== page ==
The latest reviews from Kevin Bryan.
The Steve Miller Band, "Sailor" (Edsel EDSA 5004)- Steve Miller is best remembered these days for snappily memorable mid seventies hits such as "The Joker," "Fly Like An Eagle" and "Take the Money and Run,"but the Milwaukee born musician had already made a name for himself on the other side of the Atlantic a few years earlier with the distinctive fusion of psychdelia and the blues which dominates fine albums such as "Sailor." The contents were recorded at Wally Heider's Studio in Los Angeles in the heady summer of 1968, running the gamut from the adventurous atmospherics of "Song For Our Ancestors" to the infectious rock of "Living in the U.S.A.," and Miller also acknowledges his musical roots with an excellent rendition of Jimmy Reed's "You're So Fine."
Kate Rusby, "20" (Island Records)- The Barnsley nightingale makes her long overdue major label debut with an impressive offering celebrating the highlights of her illustrious career to date. The 2 CD set finds Kate tackling a batch of her favourite songs in tandem with some of the leading lights of the folk fraternity,including Dick Gaughan,Richard Thompson and Paul Brady, as well as unveiling a splendid new song,"Sun Grazers," which she performs in a duet with Paul Weller. Long term Rusby devotees should find these wistful re-workings of the cream of her back catalogue utterly enchanting,and the great Nic Jones also makes a heart-warming vocal contribution on one of the stand-out tracks,"The Lark."
Stackridge,"Radio Sessions 1971-1973" (Angel Air SJPCD 403)- The eccentric Bristolians were operating at the peak of their creative powers when the BBC captured these performances for posterity in the early seventies, delighting their radio audiences with some classic examples of their distinctive melodic whimsy,including a fifteen minute version of the epic "Slark." As an added bonus for Stackridge completists the CD also features a jaunty version of "The Lyder Loo," a hitherto unreleased number which had originally been slated for inclusion on the band's "Man In A Bowler Hat" album.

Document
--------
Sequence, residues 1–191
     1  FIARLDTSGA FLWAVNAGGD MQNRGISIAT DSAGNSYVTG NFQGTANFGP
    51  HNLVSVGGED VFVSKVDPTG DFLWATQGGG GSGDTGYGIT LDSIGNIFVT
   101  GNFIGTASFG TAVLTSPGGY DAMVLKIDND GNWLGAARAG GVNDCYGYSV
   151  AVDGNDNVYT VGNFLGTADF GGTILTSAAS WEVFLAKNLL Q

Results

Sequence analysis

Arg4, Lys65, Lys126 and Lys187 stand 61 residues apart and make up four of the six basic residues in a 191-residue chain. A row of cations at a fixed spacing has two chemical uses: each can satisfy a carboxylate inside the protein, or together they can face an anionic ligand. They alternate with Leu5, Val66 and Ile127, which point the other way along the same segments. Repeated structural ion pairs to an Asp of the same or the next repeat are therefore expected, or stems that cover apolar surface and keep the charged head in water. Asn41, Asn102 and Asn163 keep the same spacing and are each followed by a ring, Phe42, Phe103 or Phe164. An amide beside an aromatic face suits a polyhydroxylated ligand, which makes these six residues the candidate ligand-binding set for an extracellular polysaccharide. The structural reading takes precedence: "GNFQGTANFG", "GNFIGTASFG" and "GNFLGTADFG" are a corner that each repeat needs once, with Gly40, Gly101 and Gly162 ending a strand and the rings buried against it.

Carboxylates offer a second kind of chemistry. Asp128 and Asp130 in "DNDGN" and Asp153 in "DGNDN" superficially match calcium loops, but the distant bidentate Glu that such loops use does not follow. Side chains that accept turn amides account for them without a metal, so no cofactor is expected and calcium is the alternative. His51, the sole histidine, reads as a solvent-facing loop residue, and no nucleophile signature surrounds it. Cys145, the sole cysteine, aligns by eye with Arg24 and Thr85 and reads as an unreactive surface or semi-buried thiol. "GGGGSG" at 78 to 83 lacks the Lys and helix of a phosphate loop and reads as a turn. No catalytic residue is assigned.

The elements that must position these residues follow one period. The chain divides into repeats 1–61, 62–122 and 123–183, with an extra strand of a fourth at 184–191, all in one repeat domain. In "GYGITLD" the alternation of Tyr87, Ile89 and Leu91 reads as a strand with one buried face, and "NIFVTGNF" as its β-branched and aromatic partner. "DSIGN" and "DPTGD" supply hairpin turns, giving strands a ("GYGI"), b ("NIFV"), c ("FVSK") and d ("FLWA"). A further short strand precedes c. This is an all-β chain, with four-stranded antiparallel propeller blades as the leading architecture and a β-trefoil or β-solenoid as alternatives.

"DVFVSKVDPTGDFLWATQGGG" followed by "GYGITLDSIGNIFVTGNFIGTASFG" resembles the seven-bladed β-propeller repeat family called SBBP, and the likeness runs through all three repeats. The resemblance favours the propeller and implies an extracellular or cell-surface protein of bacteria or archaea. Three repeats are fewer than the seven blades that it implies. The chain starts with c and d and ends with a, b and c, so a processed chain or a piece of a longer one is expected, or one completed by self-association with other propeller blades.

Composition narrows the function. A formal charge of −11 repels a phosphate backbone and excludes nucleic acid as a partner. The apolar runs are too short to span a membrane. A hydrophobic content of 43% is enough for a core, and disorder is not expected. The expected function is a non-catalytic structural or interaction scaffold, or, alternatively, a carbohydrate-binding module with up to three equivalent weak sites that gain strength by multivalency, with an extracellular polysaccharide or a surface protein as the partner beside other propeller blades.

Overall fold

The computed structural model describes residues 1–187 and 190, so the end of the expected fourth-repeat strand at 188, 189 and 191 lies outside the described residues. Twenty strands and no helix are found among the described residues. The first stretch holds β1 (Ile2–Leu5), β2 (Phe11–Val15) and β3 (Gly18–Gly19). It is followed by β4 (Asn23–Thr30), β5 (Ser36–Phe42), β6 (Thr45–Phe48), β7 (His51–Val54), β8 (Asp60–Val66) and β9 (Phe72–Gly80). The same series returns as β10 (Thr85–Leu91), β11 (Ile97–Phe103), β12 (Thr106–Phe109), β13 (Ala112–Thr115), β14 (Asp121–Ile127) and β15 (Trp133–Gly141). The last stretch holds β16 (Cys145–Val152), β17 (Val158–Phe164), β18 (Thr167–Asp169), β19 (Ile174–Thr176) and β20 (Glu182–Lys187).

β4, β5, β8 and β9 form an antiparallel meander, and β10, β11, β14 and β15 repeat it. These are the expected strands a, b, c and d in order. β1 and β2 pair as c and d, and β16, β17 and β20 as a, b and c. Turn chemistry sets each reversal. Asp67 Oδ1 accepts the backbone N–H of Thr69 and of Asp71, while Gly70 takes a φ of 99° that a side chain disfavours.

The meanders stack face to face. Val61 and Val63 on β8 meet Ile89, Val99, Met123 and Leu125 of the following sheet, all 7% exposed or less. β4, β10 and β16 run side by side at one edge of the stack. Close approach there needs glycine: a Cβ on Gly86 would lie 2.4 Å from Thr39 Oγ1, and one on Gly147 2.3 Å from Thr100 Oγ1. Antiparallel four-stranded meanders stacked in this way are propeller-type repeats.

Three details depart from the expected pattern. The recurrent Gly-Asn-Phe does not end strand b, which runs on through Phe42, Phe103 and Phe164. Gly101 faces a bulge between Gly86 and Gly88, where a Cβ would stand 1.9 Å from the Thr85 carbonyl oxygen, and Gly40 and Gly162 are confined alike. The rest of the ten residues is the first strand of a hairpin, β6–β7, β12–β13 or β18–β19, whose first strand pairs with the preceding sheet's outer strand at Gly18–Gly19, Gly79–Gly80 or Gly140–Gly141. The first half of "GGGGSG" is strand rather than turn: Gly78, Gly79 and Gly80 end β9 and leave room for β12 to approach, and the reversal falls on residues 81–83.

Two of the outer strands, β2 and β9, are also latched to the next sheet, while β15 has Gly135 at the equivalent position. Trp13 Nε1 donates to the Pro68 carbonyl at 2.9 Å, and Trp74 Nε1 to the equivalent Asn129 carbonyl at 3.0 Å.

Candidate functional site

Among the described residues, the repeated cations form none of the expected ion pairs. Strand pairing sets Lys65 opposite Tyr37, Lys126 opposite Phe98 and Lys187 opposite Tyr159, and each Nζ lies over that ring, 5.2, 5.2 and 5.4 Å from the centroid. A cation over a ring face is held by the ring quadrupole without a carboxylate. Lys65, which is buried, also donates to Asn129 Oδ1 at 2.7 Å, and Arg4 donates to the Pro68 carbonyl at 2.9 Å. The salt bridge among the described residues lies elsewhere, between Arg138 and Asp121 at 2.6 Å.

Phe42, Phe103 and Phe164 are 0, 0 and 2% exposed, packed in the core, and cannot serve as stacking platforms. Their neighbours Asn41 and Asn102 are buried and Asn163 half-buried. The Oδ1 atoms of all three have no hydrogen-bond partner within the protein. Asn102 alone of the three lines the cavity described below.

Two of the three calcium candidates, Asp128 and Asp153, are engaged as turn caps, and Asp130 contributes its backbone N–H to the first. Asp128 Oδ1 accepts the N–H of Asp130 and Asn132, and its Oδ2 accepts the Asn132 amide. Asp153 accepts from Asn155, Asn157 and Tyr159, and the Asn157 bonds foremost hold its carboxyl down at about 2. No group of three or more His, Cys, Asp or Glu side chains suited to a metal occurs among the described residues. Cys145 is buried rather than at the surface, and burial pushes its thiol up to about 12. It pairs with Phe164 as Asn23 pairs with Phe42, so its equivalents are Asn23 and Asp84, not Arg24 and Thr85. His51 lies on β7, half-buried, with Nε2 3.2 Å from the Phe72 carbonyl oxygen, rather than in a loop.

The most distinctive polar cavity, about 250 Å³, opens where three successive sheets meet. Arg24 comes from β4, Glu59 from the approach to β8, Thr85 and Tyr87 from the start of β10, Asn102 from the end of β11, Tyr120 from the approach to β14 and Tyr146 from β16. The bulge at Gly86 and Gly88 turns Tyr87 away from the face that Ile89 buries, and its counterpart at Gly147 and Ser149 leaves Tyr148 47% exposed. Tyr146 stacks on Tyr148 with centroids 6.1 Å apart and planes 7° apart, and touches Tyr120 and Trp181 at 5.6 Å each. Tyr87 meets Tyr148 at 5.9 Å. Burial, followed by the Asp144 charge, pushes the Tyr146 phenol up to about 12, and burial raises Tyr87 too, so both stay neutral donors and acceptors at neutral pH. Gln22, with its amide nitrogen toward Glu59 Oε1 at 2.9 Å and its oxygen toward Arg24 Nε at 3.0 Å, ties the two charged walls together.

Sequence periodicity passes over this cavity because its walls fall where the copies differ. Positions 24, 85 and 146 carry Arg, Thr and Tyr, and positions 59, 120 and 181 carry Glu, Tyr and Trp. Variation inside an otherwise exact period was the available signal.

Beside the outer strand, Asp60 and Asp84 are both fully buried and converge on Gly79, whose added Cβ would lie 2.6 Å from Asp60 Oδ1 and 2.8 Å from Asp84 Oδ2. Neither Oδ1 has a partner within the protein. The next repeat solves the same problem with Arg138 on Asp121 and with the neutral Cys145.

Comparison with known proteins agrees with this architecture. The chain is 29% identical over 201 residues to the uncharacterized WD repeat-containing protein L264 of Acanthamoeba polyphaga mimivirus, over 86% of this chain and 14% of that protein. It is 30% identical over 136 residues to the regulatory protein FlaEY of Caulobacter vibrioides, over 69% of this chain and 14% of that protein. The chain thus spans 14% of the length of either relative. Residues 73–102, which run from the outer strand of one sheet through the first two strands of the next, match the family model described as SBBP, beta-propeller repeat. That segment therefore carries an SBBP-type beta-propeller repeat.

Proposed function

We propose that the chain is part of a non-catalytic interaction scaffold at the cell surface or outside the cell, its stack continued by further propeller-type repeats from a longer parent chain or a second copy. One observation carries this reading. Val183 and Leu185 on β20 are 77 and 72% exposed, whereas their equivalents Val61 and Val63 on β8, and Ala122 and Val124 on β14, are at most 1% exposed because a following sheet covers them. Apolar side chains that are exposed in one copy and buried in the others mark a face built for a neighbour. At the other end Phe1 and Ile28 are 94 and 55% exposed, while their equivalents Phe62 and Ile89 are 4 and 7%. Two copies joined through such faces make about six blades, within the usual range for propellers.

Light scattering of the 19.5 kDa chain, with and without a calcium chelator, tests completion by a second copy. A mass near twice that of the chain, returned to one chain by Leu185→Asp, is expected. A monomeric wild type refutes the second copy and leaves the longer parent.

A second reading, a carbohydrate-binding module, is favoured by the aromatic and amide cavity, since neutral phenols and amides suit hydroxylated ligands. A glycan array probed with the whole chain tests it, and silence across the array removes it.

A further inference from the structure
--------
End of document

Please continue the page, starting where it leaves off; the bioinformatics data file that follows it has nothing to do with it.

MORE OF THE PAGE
Mumford & Sons, "Babel" (Island 3712787)- The eagerly awaited follow-up to 2009's "Sigh No More" occupies much the same musical territory as its multi-million selling predecessor,although the overall mood of the set is a little darker and less instantly infectious this time around. Many of these songs have formed an integral part of the Mumfords' live show for the past year or so,which means that devotees of the band's work will already be familiar with the rustic charms of tracks such as "Lover's Eyes, " "Lover of the Light" and the banjo dominated "Whispers in the Dark," although I doubt whether the mildly uninvolving contents of "Babel" will win over too many new converts to their cause.
Claudio Abbado,"Verdi : 6 Great Operas" (D.G.479 0379)- Conductor Abbado's highly regarded Verdi recordings with the Orchestra of La Scala,Milan have achieved iconic status over the years, and these exemplary offerings have now been brought together to form the bulk of this weighty 14 CD set. Top notch operatic vocalists such as Placido Domingo,Mirella Freni and Jose Carreras all play their part in the success of a memorably tuneful package which also features Abbado's impressively precise performance of the composer's comedy "Falstaff" with Welsh bass-baritone Bryn Terfel and the Berlin Philharmonic.